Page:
Predictable High Performance
Developing innovative new web-based apps hinges on one key factor: speed. Aerospike Database is the best solution available, delivering consistent, predictable high performance. In real-life situations, you can expect 99% of queries to receive a response in under 1 millisecond. (Check out the independent YCSB benchmark.) In fact, 99.9% of queries return within 5 milliseconds.
You may be skeptical — that’s a pretty big claim. But we’ve got the track record to prove that we deliver. Many databases claim great performance under laboratory conditions. In the real world, hardware will fail. Aerospike was designed from the beginning as a fault-tolerant database.
Testing our Performance
We created a demo video, using real servers, to measure what happened when a server went down — how it affected response times. In linear systems, when a server goes down it affects query response time. However because of Aerospike’s automatic load balancing, you’ll see in the video how one server stopping doesn’t affect the response time, the other servers re-balance the load and the users aren’t affected.
In the video below, we show the performance of a 4-cluster server handling 1 million transactions per second. The big graphs at the top show the aggregate cluster performance. Each server’s performance is shown in a smaller graph at the bottom.
Speed under Different Loads
We put heavy loads (mixed reads and writes, immediate consistency, replication factor 2) through the cluster to show you the normal throughput/latency. However in the real world, disks fail, servers crash and power goes out or there are rolling upgrades to be done. So for this demo, we pulled the plug to bring a node down, to show you what would happen. Note that no one had to touch the clients or the other Aerospike servers in the cluster — the servers automatically handled the failure of one server.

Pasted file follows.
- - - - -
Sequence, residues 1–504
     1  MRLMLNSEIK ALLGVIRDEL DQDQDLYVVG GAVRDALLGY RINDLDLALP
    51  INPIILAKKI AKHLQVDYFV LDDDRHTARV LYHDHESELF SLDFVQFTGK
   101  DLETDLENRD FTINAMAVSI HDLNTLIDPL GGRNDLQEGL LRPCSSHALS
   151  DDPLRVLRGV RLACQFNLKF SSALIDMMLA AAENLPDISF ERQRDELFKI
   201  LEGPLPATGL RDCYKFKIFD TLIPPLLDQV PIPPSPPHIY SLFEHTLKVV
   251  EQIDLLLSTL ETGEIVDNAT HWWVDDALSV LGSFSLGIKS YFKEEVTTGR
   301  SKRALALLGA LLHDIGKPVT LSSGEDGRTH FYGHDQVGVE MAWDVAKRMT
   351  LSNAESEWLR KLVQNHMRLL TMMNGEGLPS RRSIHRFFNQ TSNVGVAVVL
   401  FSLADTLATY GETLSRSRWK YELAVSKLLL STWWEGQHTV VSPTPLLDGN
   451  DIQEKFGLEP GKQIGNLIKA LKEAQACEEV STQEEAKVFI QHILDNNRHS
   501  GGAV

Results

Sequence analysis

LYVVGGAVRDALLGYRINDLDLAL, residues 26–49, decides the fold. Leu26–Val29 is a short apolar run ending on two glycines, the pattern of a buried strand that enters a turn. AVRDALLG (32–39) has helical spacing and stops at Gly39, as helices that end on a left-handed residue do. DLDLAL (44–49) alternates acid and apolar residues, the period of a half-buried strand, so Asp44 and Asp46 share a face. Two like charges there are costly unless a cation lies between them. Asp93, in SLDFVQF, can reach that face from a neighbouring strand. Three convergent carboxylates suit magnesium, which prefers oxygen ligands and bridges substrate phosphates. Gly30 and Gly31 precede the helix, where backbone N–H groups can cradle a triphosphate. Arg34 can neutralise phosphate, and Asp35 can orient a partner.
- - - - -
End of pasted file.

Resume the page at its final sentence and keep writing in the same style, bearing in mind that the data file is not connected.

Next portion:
We simulated the read/write balance that is fairly typical in web-based applications. Client machine ran one test client written in Java 6, used 16 threads and issued a load of 95% reads/5% writes, with each transaction reading or writing 10 byte strings.
Cluster Performance During the Test
The two graphs show aggregate cluster performance during the sequence described above.
Consistent Throughput – at 100TPS, 400TPS and 1Million TPS
The graph at the right shows cluster throughput during the experimental sequence. Note how the Aerospike cluster throughput of 400k TPS barely budges when node 3 goes down and comes back up, in spite of all the re-balancing and data migration that Aerospike Database does automatically.
Predictable Low Latency – well under 1ms even at 1Million TPS
The other issue of concern is latency — when node 3 goes down, how does it affect the response time to clients?
As you can see from the graph on the right, response times are very consistent – critical when revenue is tied to response. The graph on the right shows response times of 0.3ms with a momentary uptick to 5ms when node 3 goes down, well within the 5-10ms SLA that most of our customers must meet 99.9% of the time.
The independent YCSB benchmark showed results of 99% responses in under a millisecond and 99.9% of responses in under 5 milliseconds. The graph on the right demonstrates how that actually works, even with 25% of the cluster nodes offline.
Performance of Individual Servers
The graphs below show what happens to individual server performance. The graph on the left shows Node 3, which we unplugged at around 20 seconds and kept offline until around 60 seconds. The graph on the right shows Node 1 picking up extra traffic to compensate for Node 3′s failure. The graphs for Nodes 2 and 4 are identical to the graph for node 1 — they show each server picking up a higher load, and the load rebalanced evenly over nodes 1, 2 and 4. Note that no human intervention was required, the nodes automatically re-balanced.
In summary then, with traffic from 100,000 to 1,000,000 TPS, Aerospike Database maintained high throughput and fast response times — consistently and predictably — the most essential requirement of big data applications.